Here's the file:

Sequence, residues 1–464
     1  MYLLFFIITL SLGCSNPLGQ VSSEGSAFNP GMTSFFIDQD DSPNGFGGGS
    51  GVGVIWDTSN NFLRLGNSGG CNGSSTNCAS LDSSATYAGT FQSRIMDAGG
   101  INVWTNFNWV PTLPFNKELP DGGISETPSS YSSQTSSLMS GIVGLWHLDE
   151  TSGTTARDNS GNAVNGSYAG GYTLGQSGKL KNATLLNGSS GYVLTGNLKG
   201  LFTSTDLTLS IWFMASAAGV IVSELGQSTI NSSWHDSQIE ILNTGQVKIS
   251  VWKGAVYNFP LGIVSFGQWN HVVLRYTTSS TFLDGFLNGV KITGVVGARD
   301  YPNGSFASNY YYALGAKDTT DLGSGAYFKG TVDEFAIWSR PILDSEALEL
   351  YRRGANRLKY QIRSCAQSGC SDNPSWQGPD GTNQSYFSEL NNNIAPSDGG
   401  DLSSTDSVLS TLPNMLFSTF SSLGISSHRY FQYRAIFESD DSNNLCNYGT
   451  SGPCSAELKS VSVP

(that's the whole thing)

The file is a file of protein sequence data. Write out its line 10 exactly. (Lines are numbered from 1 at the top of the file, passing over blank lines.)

   401  DLSSTDSVLS TLPNMLFSTF SSLGISSHRY FQYRAIFESD DSNNLCNYGT